Questions Every Boomer Should Ask Their Financial Advisor

By Cheryl Proska
September 27th, 2017 For Members No Comments

Turning 60 is an exciting moment, even if it might not feel that way. The golden years are a time to reflect on the life you’ve lived so far while still prepping for the many adventures still left to come.

If you haven’t already, this time in life is also the moment to take a step back and focus on retirement planning, specifically the people helping to manage your money. Many Boomers once lived by the motto “don’t trust anyone over 30.” Today, it’s smart to not trust their retirement savings—or the Social Security system—to provide a comfortable retirement.

A financial advisor is a powerful resource for moving toward retirement. It’s vital to have the right person in place to help manage financial assets, assist with taxes, plan for long-term care, dissect government programs options such as Social Security, and ultimately help steer the ship towards a care-free retirement.

Unfortunately, not all advisors are created equal. Many offer a variety of services and have the client’s best interest in mind while some just want to make as much money for themselves as possible.

There are certain key questions to ask a professional advisor before engaging him or her to act as your retirement advisor. We asked Robert Johnson, president, and CEO of The American College of Financial Services, for some questions to ask potential or current financial planners. The following list is a high starting point when determining if your advisor will suit your retirement planning needs.

Are you a fiduciary?

This is the single most important question to ask a financial advisor.

A fiduciary is a legally appointed individual who is authorized to manage the assets of another person. It’s important for Boomers to understand that not all financial planners are required to adhere to a fiduciary standard of putting the client’s interest before their own. Some advisors are only required to uphold a suitability standard requiring that financial recommendations are consistent with a client’s wishes.

Be sure to ask detailed questions regarding each fund or investment suggestion and inquire whether he or she earns a commission just for selling it to a customer. If your advisor is also a broker, he or she may only be authorized to sell certain products, which could impact objectivity.

A majority of advisors operate with the client’s best interests in mind, but if you don’t get a straight answer to this question, that’s a sign he or she might be hiding something. Make sure to check 2017 governmental regulation for financial advisors.

QUESTION 2: How do you make money off clients?

Fiduciaries charge a fee based on the total investment amount managed. This fee is typically between 1-1.5% of the assets being managed.

Every financial advisor wants to make money, but if your advisor’s answer about his or her business model is vague or confusing, those are major red flags. Never buy anything, especially financial advice, if you don’t fully understand the costs.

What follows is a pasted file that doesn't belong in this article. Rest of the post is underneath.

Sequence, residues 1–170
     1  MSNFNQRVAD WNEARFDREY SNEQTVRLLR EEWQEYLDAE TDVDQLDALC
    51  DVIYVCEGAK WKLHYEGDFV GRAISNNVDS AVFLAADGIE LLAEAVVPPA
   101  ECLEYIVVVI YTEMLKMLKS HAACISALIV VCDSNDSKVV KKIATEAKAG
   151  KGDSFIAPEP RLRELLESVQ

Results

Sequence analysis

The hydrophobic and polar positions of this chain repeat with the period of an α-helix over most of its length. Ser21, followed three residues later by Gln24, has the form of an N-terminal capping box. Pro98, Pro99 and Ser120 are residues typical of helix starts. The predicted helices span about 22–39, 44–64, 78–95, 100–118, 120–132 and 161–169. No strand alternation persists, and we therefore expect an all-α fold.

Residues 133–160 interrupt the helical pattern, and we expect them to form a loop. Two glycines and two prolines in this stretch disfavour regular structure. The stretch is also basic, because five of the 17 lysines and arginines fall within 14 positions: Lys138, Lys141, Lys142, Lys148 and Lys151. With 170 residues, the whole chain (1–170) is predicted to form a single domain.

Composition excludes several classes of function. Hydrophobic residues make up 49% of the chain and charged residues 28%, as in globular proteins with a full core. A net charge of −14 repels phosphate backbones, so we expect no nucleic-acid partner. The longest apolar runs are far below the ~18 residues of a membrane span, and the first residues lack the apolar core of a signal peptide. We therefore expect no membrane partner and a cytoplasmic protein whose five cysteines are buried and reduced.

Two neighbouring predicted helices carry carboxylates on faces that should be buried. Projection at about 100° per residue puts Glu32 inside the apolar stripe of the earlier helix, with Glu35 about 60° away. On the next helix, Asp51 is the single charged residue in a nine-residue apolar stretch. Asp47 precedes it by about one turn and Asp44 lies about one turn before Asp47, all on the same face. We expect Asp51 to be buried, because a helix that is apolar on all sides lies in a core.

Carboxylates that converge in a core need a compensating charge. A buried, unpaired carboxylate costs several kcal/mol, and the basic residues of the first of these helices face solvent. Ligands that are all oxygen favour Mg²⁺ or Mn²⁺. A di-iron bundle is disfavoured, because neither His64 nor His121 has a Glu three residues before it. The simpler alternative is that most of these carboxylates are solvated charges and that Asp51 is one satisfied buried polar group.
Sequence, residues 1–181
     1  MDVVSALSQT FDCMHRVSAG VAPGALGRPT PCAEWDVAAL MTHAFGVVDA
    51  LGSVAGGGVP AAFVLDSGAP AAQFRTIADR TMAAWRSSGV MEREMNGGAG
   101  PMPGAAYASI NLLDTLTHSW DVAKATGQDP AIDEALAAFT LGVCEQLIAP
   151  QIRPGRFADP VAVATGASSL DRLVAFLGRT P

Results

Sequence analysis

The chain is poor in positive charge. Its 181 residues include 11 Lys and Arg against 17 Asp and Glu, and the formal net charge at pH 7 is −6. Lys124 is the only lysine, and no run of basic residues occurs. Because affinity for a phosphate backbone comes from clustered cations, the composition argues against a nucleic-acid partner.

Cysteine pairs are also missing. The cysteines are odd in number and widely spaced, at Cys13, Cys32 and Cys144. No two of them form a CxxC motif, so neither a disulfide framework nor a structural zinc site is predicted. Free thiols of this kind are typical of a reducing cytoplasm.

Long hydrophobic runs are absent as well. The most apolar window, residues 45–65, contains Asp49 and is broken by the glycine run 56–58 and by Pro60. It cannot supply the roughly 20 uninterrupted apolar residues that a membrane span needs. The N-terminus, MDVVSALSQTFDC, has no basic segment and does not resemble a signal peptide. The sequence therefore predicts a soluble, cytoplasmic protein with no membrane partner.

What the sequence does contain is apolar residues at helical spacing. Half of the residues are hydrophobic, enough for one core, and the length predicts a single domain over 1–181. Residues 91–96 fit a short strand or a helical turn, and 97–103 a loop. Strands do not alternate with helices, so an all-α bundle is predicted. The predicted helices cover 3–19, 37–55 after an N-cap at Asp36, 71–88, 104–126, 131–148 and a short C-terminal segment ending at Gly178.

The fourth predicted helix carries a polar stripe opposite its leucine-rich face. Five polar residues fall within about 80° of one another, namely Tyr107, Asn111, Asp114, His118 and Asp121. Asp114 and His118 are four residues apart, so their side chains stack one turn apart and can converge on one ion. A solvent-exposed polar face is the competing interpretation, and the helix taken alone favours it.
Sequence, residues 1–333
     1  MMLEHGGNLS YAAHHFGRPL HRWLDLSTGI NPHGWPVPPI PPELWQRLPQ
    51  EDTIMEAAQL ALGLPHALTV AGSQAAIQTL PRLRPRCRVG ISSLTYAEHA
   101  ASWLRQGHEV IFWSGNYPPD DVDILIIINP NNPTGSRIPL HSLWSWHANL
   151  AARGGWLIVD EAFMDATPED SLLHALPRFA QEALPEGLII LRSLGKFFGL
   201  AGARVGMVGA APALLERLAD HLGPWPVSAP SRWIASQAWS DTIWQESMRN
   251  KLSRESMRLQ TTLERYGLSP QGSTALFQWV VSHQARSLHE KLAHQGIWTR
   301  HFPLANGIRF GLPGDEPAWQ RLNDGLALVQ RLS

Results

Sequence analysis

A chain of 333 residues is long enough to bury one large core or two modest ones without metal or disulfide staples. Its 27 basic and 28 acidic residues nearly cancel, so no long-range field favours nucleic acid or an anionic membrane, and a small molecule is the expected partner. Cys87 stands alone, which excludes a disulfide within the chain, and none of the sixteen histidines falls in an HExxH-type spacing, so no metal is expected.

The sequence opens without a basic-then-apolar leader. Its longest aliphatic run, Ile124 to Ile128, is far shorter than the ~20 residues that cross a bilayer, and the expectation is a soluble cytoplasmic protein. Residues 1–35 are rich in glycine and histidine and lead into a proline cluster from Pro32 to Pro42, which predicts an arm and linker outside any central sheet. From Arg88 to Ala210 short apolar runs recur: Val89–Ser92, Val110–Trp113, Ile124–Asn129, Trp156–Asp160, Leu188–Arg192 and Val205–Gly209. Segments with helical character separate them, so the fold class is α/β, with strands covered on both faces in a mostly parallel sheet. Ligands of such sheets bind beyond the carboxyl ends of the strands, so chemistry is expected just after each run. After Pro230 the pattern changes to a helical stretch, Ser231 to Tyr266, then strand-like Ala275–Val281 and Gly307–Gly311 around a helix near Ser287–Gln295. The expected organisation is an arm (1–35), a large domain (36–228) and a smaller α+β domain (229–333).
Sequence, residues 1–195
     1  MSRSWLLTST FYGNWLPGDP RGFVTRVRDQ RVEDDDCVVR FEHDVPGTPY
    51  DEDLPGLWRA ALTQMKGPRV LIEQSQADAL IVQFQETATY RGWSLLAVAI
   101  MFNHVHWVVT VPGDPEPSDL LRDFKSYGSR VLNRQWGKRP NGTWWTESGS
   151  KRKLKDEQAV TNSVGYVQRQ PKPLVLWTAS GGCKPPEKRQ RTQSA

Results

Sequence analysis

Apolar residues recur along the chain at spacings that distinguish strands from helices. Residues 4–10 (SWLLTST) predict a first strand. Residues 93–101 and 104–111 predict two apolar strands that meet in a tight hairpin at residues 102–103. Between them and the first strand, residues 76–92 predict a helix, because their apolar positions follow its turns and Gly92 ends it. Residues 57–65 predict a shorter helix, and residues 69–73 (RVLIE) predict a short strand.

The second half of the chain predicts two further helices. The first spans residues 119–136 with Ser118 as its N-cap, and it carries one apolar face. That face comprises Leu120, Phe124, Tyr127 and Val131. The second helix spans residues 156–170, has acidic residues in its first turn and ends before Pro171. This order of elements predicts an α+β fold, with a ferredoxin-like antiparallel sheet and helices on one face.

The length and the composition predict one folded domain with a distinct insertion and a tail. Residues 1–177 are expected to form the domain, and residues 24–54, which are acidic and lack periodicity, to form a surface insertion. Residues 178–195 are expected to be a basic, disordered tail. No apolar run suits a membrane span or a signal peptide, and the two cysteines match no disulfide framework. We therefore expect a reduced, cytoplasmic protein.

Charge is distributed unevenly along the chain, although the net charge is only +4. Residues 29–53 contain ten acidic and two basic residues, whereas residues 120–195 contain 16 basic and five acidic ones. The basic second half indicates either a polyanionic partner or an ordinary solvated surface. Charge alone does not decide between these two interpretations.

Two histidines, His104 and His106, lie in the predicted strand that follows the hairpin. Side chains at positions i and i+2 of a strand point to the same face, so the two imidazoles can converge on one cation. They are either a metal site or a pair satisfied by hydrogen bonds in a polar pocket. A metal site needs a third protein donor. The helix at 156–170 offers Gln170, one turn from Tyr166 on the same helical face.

QUESTION 3: Are you planning on moving some of my stock positions into lower risk investments as retirement approaches?

“To use a football analogy,” Johnson begins, “people in their early 60s are clearly in the retirement ‘red zone’ if they plan on retiring at age 65. They should think about de-risking their portfolio (lower equity allocation) in order to protect themselves against a sequence of returns risk. That is, just like a football team can’t afford a turnover inside the opponents 20, an individual getting ready to retire can’t afford to experience a bad market year immediately preceding retirement.

One need not look any further back than someone planning to retire in 2009. If that individual were 100% invested in the S&P 500, they would have seen a drop in the value of 37% immediately before retirement. If one has a long-time horizon, one can suffer through some down-market years in the equity markets, but the good years more than make up for those poor years in the long run. But, the sequence of those returns matters. Taking risk off the table before retirement is a prudent move.”

QUESTION 4: When should I consider claiming Social Security?

“This is not an easy decision,” explains Johnson. “One should consider their life expectancy, expected retirement date, as well as the expected life expectancy and retirement date of a spouse, among other considerations. The bottom line is that if you don’t need the cash flow from Social Security, by delaying it you increase your payments. A financial advisor can guide Boomers through the process of making the Social Security claiming decision.”

Be sure to consult this helpful chart on the effects of early or delayed retirement on your retirement benefits.

QUESTION 5: What other services do you provide to clients like me?

Ask if your advisor will advise on assets he or she doesn’t manage, such as your 401(k) plan, assisting with estate planning, charitable giving, planning for the kid’s college tuition and advising on stocks.

All of these services will not only save you money but help make money while cruising toward retirement. A financial planner that can help with any or all of these tasks not only makes retirement planning a “one-stop” option but also provides added value for the fee you’re already paying an advisor.

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